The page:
Monarch butterflies begin their winter getaway

At this very moment, some 250 million monarch butterflies are arriving in the luscious volcanic highlands of southern Mexico. Guided to the area by an inexplicable internal clock, each year monarch butterflies travel up to 2,000 miles to the state of Michoacan, which becomes the butterflies’ winter getaway. Nature-goers can be visit the butterflies anytime between November and March, although the best time to see them is in February and early March, right before they head north again.

Originally from southern Canada and the northern United States, the orange and black monarchs hibernate during winter and mate in spring before returning back north. Each year from late October to early November, the delicate creatures flee the north’s freezing temperatures and embark on a month-long trip south, flying some 70 miles per day to reach the Oyamel mountaintop fir forests of the central Mexican state of Michoacan. Those fortunate enough to live along the monarchs’ route south are frequently exposed to the site of large groups of butterflies flying overhead on route to their winter sanctuary.

Once reaching the Oyamel forests, the monarchs cluster togetr by the thousands in pine trees, weighing down branches with their sheer mass and making the forests glow the bright orange of their wings. These butterflies spend the entire winter in Michoacan, finally mating in the spring and then returning north, laying eggs along the way. Witnessing this incredible sight is reason enough to follow the Monarchs down to Mexico.

In the easternmost part of Michoacan is an immense monarch butterfly reserve spanning nearly 100 square-miles. Decreed a special biosphere reserve by the federal government, thousands of butterflies cluster together in the early morning and nights, covering whole trees and weighing down branches. As the day warms up, they begin to flutter around, descending to the humid forest floor for the hottest part of the day. By mid-afternoon they may cover the ground completely, making it near impossible to walk around them.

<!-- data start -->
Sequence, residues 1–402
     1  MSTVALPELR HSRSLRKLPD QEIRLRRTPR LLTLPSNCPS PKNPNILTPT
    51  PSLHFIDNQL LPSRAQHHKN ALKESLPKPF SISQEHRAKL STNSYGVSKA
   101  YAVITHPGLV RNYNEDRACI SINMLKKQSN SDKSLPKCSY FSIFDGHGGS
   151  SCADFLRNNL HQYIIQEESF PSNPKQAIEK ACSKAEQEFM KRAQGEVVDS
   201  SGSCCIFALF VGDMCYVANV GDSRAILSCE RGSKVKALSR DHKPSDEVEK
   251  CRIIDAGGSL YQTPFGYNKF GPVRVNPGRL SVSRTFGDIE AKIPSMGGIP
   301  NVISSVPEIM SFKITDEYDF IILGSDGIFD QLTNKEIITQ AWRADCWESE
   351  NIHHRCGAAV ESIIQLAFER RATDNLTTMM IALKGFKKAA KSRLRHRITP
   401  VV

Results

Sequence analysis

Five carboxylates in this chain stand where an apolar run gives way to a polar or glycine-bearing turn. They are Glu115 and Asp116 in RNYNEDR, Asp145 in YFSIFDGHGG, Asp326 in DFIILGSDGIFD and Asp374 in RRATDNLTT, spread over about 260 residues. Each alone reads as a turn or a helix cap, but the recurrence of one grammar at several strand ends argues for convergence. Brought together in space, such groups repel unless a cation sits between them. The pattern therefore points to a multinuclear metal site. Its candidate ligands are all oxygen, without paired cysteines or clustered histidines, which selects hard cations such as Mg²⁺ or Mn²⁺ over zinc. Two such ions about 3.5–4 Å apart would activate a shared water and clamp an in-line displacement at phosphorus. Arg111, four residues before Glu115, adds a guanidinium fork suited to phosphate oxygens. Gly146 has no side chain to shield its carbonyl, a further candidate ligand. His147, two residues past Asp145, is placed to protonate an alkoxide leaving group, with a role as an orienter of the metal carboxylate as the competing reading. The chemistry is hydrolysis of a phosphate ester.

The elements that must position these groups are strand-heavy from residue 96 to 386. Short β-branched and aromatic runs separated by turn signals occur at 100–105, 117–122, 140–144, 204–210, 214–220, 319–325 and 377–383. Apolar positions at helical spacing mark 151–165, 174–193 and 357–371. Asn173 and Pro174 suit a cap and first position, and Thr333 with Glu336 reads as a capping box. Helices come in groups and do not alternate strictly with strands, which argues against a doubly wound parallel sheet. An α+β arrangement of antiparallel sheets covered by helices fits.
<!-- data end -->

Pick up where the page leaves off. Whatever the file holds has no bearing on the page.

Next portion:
Several of the monarch butterfly sanctuaries are open to the public, including Sierra Chincua and El Campanario. Sierra Chincua is about a 30-minute drive north of Angangueo, once an important mining town. El Campanario, also known as El Rosario sanctuary is much more frequently visited. It lies above the small village of El Rosario, almost an hour’s drive up some rough terrain from the village of Ocampo. Common departure points to the sanctuaries are Ocampo, Zitacuaro and Morelia.

It is a good idea to spend the night in Angangueo, from where visitors can secure transport to the reserve early in the morning, when the butterflies are still in the trees. A comfortable hotel is the Albergue Don Bruno (tel. 011-52-715-156-0026). Maruata (tel. 011-52-443-324-2120) runs 10-hour tours to the sanctuary including transportation, food and bilingual guide for US$60. For those spending the weekend, the 62-room Villa Monarca Inn (tel. 011-52-715-153-5362), located in the outskirts of Zitacuaro, is an ideal place to go.

Angangueo, Zitacuaro and the nearby towns of Maravatio and Ocampo hold a monarch Butterfly Festival each February, featuring traditional dance, music and craft markets, in celebration of their annual winter visitors.

Local tourist areas include the beautiful colonial town of Morelia, Michoacan’s capital and a UNESCO World Heritage Site, giving travelers yet another reason to visit. Other popular tourist stops, including Lake Patzcuaro, the quaint town of Patzcuaro, Janitzio Island and the Tarascan Indian ruins of Tzintzuntzan, are also nearby. >

More information:
Mexico Tourism,